There was a celebration in Paris this week as the IMOCA world joined forces with The Ocean Race in looking ahead to the start of the next edition in October 2021.
On Tuesday morning, the IMOCA general assembly passed a newly written version of the Class Rule for fully crewed events, defining the characteristics of yachts that will compete in the IMOCA 60 class of the next race.
“This was a big moment for the race,” said Johan Salén, co-President of the race. “It’s the first concrete outcome of a collaboration that began this summer as we work towards integrating the IMOCA class into our event.”
The rule defines a boat that respects the open design philosophy of the IMOCA class as well as balancing crew safety and performance the same way the short-handed version of the rule does.
“It has been important for us to minimise the changes that would need to be made for boats to compete well in both short-handed and fully crew configurations,” said Antoine Mermod, the President of IMOCA.
“We have worked together with current and potential teams, as well as experienced IMOCA designers, to come up with a solution that allows existing boats to race on a competitive basis in a fully crewed event.”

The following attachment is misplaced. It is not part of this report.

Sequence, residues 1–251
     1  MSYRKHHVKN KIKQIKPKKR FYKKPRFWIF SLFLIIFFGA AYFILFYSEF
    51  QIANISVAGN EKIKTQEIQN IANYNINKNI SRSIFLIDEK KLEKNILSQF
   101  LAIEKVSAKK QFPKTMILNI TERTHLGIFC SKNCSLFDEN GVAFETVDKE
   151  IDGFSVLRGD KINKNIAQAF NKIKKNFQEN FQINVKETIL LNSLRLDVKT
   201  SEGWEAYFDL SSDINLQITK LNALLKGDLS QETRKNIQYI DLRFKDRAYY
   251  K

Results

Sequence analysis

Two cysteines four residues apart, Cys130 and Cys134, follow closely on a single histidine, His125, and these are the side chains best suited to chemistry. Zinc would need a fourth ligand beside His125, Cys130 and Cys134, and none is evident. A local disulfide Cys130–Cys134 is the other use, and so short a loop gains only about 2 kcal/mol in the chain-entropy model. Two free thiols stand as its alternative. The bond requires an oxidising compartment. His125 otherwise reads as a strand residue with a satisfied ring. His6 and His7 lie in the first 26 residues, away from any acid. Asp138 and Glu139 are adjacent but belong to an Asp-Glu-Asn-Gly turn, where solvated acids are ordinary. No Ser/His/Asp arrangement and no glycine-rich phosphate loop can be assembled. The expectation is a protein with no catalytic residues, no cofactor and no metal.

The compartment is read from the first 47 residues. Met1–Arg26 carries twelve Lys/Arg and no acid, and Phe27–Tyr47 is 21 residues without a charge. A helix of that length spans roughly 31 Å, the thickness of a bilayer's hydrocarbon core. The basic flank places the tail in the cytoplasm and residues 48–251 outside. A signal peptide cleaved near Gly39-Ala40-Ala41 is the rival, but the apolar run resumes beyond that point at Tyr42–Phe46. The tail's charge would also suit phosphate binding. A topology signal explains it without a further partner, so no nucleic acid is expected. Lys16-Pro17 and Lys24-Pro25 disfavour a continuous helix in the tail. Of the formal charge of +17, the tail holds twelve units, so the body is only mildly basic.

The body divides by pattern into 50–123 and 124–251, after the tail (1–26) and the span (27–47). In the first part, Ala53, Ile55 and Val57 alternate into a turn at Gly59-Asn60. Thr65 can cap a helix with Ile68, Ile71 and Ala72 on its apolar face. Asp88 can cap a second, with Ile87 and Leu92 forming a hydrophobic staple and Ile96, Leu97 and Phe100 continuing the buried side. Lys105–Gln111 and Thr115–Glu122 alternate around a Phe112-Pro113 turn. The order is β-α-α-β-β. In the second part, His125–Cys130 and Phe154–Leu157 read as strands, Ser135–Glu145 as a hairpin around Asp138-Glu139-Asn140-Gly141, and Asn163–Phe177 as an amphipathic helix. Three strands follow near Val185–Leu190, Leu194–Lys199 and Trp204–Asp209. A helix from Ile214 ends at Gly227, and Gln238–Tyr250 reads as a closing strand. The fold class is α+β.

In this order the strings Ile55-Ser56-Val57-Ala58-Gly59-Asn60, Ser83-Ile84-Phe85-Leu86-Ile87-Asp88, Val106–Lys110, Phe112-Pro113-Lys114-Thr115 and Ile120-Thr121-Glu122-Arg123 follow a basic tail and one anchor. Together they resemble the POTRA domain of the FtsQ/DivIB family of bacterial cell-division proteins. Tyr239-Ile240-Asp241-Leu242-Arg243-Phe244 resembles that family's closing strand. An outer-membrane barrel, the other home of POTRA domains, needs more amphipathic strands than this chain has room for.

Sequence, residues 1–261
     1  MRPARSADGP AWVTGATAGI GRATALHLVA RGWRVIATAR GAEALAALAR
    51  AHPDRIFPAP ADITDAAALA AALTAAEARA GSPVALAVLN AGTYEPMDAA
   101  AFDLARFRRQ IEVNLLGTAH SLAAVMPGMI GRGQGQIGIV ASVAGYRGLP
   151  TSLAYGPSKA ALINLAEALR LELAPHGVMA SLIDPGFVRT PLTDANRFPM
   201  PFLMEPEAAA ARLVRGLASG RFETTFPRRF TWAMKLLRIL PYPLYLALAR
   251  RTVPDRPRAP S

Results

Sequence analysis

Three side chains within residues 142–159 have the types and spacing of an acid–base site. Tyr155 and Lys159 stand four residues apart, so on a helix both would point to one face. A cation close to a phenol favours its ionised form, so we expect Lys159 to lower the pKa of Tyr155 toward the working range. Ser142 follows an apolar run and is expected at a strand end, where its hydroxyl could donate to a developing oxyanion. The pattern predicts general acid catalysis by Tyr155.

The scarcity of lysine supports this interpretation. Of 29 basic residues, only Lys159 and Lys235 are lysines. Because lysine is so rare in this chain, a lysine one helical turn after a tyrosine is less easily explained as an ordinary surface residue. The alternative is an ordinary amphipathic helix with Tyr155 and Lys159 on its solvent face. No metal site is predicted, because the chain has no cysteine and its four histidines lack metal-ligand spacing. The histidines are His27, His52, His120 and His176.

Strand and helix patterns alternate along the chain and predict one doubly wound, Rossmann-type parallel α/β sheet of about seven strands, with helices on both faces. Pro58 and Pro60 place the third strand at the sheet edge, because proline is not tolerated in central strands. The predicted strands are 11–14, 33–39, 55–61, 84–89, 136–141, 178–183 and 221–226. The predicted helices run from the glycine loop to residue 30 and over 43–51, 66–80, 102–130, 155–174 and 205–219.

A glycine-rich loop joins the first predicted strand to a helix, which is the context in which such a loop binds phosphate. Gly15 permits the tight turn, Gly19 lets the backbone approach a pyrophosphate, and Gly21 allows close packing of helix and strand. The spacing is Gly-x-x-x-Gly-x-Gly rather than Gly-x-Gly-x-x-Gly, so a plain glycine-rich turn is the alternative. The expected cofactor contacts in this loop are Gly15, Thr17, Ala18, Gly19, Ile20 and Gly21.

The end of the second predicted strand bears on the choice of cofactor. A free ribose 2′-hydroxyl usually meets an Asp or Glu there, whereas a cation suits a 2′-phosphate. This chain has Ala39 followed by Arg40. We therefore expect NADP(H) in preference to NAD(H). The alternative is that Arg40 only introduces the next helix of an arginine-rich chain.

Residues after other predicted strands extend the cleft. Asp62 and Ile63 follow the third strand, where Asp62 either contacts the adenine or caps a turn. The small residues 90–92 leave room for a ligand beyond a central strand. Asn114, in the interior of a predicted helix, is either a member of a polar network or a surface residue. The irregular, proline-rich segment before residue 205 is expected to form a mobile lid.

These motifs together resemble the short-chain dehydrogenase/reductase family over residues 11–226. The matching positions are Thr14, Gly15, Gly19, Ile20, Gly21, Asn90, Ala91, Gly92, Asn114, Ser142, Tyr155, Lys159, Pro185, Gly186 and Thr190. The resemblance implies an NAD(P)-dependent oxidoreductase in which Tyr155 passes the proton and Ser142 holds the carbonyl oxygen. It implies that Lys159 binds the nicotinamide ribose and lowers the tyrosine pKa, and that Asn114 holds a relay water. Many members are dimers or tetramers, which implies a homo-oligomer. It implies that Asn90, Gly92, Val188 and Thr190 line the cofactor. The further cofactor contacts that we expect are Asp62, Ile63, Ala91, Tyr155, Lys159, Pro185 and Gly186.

Following the IMOCA general assembly, Richard Brisius, the President of the race, spoke about the next steps.
“We intend to issue the Notice of Race and open the entry period in the coming days,” he said. “The Notice of Race is a technical document, but in reality these rules are an expression of our vision for the event and will affirm our commitment to youth and crew diversity as well as a robust sustainability programme.
“We will see two classes in the next race, the IMOCA 60s which will push the frontiers of design and engineering and bring the larger maritime industry back into the race. And the one-design VO65 class will return, with close racing and a larger crew size that allows for youth rules. Both classes will have women on board.”
Brisius noted the host city procurement process is already underway, with the race route to be defined and host cities announced by the summer of 2019.
While in Paris, representatives from the race have been taking meetings with prospective teams to update on progress and get feedback on how the race should evolve.
“The signs are all very positive,” Salén said. “There is a healthy mix of what I would call the more traditional teams who have done our race before, alongside those who have been more immersed in the short-handed IMOCA world. We know there are still hurdles to overcome, but we are eager to merge these two worlds. We are stronger together.”
“From my side it is encouraging that we have been able to move so far in such a short period of time of working together,” Mermod said. “We have to keep listening so that we understand each other well and we take full advantage of this opportunity and make it a success.”